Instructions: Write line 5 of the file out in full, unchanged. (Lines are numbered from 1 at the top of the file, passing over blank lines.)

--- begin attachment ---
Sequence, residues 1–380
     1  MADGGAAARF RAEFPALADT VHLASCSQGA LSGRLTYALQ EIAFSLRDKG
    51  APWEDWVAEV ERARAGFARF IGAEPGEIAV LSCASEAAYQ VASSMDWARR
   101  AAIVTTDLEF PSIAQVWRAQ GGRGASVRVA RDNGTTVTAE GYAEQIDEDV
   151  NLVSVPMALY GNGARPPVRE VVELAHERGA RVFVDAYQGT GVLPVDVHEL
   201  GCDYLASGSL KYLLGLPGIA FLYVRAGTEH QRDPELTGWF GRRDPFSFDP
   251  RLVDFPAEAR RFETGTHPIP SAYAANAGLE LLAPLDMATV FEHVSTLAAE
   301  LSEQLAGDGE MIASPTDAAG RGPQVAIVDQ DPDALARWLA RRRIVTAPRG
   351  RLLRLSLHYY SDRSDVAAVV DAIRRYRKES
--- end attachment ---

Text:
   151  NLVSVPMALY GNGARPPVRE VVELAHERGA RVFVDAYQGT GVLPVDVHEL